The first opportunity to drill a sample could come within a few months, on the flat, pebble-strewn terrain where Perseverance landed. Some scientists believe these rocks are from an ancient lava flow that erupted long after the lake disappeared, arguing that they look the way Hawaiian flows might if bombarded by meteorites and whipped by winds for several billion years. But when Perseverance’s predecessor, the Curiosity rover, explored similar rocks in Gale crater and its ancient lake, most of what scientists had thought were lava fields turned out to be sedimentary rocks: ground up volcanic bits ferried by water and deposited in layers, presumably in the vanished lake. The early pictures from Perseverance are difficult to interpret: Rocks riddled with holes could be pumice, porous from gas escaping from cooling lava, or they could be sedimentary rocks, perforated over time by water. Bigger boulders in the distance look like ancient volcanic rocks: dark and coated by a light-colored dust.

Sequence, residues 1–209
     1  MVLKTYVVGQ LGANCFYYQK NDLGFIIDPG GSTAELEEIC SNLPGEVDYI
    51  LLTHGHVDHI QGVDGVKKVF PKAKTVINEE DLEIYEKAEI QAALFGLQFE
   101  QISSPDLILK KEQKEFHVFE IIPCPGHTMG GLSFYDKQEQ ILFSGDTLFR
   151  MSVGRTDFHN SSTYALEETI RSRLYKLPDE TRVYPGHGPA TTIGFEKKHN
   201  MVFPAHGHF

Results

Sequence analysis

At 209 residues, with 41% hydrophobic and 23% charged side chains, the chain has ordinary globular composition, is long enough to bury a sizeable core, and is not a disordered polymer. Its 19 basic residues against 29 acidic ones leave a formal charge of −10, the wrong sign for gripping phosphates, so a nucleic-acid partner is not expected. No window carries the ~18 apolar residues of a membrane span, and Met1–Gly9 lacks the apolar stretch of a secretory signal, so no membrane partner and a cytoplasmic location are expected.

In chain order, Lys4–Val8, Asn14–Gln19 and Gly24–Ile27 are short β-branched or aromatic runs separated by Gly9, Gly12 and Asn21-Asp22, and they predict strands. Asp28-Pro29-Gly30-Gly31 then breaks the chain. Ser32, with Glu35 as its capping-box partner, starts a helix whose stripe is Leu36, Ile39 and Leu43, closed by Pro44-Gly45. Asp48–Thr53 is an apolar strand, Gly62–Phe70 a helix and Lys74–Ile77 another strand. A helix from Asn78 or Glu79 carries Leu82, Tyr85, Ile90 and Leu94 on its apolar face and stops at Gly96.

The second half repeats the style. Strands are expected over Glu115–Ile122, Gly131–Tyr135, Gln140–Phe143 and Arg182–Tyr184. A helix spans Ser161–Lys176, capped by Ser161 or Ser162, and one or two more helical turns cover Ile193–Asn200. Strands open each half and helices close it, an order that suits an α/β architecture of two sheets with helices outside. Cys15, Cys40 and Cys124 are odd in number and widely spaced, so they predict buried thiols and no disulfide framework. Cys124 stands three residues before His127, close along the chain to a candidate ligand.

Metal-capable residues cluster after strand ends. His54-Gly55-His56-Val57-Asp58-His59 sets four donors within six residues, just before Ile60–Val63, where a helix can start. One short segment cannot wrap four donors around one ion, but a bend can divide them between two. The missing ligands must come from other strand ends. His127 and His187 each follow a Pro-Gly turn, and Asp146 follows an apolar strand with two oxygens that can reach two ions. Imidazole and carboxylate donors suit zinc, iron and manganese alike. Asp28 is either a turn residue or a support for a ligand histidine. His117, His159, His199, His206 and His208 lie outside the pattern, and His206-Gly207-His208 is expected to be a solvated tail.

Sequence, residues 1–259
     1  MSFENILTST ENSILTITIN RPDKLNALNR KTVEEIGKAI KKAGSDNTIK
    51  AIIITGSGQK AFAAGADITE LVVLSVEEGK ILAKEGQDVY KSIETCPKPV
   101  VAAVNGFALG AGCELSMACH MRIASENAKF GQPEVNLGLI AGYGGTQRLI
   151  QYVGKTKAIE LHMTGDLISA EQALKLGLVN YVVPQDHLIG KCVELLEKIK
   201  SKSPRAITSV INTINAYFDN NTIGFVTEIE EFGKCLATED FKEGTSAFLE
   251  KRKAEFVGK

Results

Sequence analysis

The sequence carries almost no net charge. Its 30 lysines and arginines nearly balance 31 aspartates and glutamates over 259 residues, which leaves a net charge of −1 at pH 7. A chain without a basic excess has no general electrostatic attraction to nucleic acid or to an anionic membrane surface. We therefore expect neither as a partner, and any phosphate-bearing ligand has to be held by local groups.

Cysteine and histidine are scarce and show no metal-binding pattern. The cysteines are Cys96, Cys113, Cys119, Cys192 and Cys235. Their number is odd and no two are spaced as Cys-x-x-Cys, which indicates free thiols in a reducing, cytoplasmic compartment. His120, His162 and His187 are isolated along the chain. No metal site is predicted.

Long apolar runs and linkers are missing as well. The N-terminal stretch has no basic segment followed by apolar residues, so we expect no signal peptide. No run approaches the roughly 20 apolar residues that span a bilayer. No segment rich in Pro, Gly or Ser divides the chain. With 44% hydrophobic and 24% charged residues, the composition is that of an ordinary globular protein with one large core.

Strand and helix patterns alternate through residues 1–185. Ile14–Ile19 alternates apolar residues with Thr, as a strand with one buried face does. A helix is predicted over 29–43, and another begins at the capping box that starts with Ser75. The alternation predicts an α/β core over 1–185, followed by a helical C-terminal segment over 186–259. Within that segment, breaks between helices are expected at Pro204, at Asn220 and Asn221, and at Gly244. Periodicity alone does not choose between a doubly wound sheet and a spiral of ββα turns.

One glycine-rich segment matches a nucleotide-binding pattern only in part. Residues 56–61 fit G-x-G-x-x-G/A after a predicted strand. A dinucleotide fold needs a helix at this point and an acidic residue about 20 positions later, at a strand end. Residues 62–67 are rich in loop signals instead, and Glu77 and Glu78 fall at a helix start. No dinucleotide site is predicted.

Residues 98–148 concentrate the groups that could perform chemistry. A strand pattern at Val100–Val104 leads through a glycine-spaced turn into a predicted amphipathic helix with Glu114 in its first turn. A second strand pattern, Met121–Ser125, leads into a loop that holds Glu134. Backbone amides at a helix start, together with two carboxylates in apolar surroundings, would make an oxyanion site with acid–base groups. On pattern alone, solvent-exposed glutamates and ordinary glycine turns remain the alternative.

Fortunately, Perseverance’s scientific instruments are designed to pin down the rocks’ origin. Cameras on the mast could spy distinctive angular striped layers, called cross-bedding, that only form when deposited as sediments. A camera mounted on the end of the rover’s robotic arm for microscopic views could capture the grain of minerals: Sedimentary rocks, for example, are typically rounded by their watery travels. Two other instruments on the arm will fire x-rays and ultraviolet laser light at rock samples, provoking reactions that could reveal chemical fingerprints of volcanic or sedimentary rocks.